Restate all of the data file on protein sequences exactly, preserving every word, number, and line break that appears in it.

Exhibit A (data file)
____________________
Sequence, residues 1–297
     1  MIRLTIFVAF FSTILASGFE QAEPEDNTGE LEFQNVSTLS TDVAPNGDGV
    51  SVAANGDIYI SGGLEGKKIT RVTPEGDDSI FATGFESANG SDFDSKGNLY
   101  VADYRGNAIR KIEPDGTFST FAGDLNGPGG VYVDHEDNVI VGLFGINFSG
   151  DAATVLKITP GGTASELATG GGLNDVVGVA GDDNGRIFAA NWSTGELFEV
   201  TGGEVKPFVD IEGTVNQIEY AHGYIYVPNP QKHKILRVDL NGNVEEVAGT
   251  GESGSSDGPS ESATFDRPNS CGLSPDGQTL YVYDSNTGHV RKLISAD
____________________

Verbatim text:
Sequence, residues 1–297
     1  MIRLTIFVAF FSTILASGFE QAEPEDNTGE LEFQNVSTLS TDVAPNGDGV
    51  SVAANGDIYI SGGLEGKKIT RVTPEGDDSI FATGFESANG SDFDSKGNLY
   101  VADYRGNAIR KIEPDGTFST FAGDLNGPGG VYVDHEDNVI VGLFGINFSG
   151  DAATVLKITP GGTASELATG GGLNDVVGVA GDDNGRIFAA NWSTGELFEV
   201  TGGEVKPFVD IEGTVNQIEY AHGYIYVPNP QKHKILRVDL NGNVEEVAGT
   251  GESGSSDGPS ESATFDRPNS CGLSPDGQTL YVYDSNTGHV RKLISAD